Today is World Prematurity Day.
No one knows why I didn’t go into preterm labour at 25w5d when Alexanders’ water broke. Why he (and the other two) decided to hang around for another 4w5d. While I knew that The Kids would be born premature*, I still wasn’t prepared. How can you be ready to have only one of your three children be able to breathe at birth**?
Not a day goes by where I don’t think of Alexander and remember how those eight weeks shaped me as a person. We are fortunate that The Kids are happy, healthy and normal four year olds because in some cases, like Alexanders, the babies never come home.
If you’re not familiar with our Story of Prematurity, we shared about it a few years ago. Today we would like to share with you another story of hope, love and life. Below is a piece of Lesley and Torran’s story.
Giving birth to a preemie is a having a big time lottery win and only taking home $1 of your winnings a day. On one day, you get a lump sum; the next, a pickpocket leaves you penniless.
At 19 weeks gestation, my water broke. I’d spent most of my pregnancy dealing with placental bleeding. This was the most horrible news a mother could hear in her second trimester. I had a condition called oligohydramnios, a lack of amniotic fluid. There was no proven way to fix the problem. Doctors advised me to terminate my pregnancy, to avoid the risk of death and disability in my baby. My heart struggled with the unknown outcomes, but I couldn’t end his life.
Luckily, my pregnancy lasted until 26 weeks and 6 days. The night my son, Torran, was born, a respiratory therapist whisked him out of the room before I could hold him. To save his life, I had to give him up. Later, after dealing with my post-partum complications, they let me place my fingertip in his tiny hand. He weighed less than a pair of running shoes. The tube in his nose stole his voice just as fate robbed me of my third trimester.
My Wee Man had a long journey ahead of him. I can’t remember a day when I didn’t cry during Torran’s 136 days of hospitalization. Yet, I’d suffer through those darkest days again if it meant bringing Torran home. We were the lucky ones. Torran faced death and won. Some babies never come home.
Like many NICU parents, my husband and I see the world through the filter of prematurity. Growing a Rainbow: The Premature Journey of a Two Pound Hero is the lens through which anyone who cherishes children can understand the trauma endured by families like mine. If you have a preemie in the NICU, or if you’re a graduated parent, I hope you see something of yourself in our story. Your feelings aren’t selfish or wrong. Anger, guilt and despondency were my first reactions to being a mother.
Sales of Growing A Rainbow support the Canadian Premature Babies Foundation. The Foundation aims to prevent premature birth and to reduce the impact of prematurity in Canada. Please support premature families on World Prematurity Awareness Day by wearing purple and purchasing your copy of Growing A Rainbow. Keep the conversation alive on social media with the hashtags #worldprematurityday and #preemiepower.
Here’s an excerpt from Growing A Rainbow:
When the doctors advised that I should terminate my pregnancy, my heart dissolved in my tears.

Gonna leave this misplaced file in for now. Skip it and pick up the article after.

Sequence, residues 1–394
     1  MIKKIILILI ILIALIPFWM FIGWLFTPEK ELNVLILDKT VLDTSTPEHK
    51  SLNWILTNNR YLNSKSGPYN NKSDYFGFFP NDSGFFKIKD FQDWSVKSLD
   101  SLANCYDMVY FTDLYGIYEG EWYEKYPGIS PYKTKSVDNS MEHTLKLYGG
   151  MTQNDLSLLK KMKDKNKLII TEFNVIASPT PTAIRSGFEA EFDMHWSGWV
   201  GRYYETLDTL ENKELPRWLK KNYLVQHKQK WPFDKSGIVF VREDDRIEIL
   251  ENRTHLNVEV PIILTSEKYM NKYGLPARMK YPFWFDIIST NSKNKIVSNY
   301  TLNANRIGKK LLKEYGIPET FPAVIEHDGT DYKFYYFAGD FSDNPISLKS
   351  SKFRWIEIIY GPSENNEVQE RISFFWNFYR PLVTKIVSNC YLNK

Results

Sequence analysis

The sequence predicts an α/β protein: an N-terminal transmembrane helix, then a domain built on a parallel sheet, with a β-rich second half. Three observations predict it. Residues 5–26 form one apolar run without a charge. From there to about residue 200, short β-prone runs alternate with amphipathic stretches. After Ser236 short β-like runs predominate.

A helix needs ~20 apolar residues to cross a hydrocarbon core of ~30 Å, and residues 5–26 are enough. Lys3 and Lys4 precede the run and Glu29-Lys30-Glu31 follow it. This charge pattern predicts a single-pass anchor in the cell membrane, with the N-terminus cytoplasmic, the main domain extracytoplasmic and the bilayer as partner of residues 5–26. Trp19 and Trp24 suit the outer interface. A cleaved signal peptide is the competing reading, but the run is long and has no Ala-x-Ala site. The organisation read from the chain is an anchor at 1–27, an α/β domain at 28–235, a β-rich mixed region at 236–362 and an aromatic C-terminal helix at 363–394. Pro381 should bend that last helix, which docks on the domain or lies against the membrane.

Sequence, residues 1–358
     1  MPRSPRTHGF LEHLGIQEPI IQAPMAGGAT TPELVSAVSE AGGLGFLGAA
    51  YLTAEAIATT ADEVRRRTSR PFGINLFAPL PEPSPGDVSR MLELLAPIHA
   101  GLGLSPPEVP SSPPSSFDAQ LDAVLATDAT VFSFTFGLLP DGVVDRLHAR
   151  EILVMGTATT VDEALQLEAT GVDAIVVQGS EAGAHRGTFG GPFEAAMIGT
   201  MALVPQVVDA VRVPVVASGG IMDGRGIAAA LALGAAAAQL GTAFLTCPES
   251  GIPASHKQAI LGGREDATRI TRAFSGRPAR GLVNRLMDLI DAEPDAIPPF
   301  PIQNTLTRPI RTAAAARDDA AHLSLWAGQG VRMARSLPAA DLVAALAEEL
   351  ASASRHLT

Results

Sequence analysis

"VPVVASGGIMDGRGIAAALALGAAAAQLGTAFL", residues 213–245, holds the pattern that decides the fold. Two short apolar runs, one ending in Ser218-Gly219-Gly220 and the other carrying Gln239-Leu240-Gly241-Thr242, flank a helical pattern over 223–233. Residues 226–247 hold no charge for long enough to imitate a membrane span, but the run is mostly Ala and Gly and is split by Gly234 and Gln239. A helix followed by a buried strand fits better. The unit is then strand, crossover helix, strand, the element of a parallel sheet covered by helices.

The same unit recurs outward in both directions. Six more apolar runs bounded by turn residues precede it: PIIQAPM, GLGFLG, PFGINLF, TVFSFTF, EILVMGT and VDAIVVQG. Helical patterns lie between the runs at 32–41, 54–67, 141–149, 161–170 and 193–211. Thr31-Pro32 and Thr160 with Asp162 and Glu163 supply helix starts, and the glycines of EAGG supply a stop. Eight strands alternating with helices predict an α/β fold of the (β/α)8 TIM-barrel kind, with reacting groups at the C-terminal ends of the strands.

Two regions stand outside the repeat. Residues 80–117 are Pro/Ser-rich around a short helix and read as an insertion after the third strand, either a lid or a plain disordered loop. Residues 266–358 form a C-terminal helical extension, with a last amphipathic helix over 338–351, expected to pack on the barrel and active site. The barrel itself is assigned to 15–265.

The technologist, Anne, squeezes the ultrasound gel bottle, making a wet farting sound. To prevent myself from giggling, I tell her about my plans for a baby shower. It’ll be nice to have an excuse to have people over. She reaches across me for a tricky picture. Her arm smells of hospital sanitizer. I crane my neck upwards trying to see my child moving in grainy shades of black and white. She frowns as she wipes off her equipment.
“You know that you don’t have any amniotic fluid?” she says, more statement than question.
One summer I rode the drop tower at Canada’s Wonderland. My heart thundered as the carrier rose 200 feet into the sky. The car released and I plunged down at 100 kilometers per hour. My lungs disconnected from my chest and I stopped breathing. Brief and thrilling at the time, that feeling hits me now, carrying doom in its wake. I’m frozen in an unbelievable moment. I manage to squeak out words.
“I have a subchorionic bleed, and one time they found an abruption,” I defend my uterus, “but that’s all.” Speaking prompts me to breathe.
“I have to get the radiologist to check the images. Sorry, I thought you knew. You know, it might not be all that bad.” She speaks quickly as she backs out of the room.
The detergent smell remains behind and suffocates me. The ultrasound gel on my belly decreases a million degrees. I get goose bumps, but it’s not from the cold goop.
Something is terribly, terribly wrong.
If you want two free chapters of Growing A Rainbow, sign up for my newsletter for my blogs RealWomenDriveStick.com and WriterLesleyDonaldson.com.
Do You Know A Child That Was Born Premature?
Between 12 hour nursing shifts and 24 hour parenting shifts, I redefined myself as an authorpreneur. Growing A Rainbow is my first published book, and I co-authored From Blog to Book. I’m a mother of a super-preemie with special needs, an often companionable wife, Canadian registered nurse, traveler and hobby medievalist. Under the pen name Lesley Donaldson, I’m writing The Queen’s Viper. It’s an urban fantasy set in Elizabethan and modern London, with a new take on UK folklore.
Connect with Lesley on @FanofPreemies, @BornAgainWriter and Facebook.
Note that we do not own the Prematurity Awareness Logo.
To show your support, wear purple in honour of World Prematurity Day.
* Average gestation for Triplets is 32w4d. For me that would have been Boxing Day.
** Max was the heaviest of the three weighing in at 3.5lbs so this likely had a positive impact on his ability to breathe with little assistance (CPAP).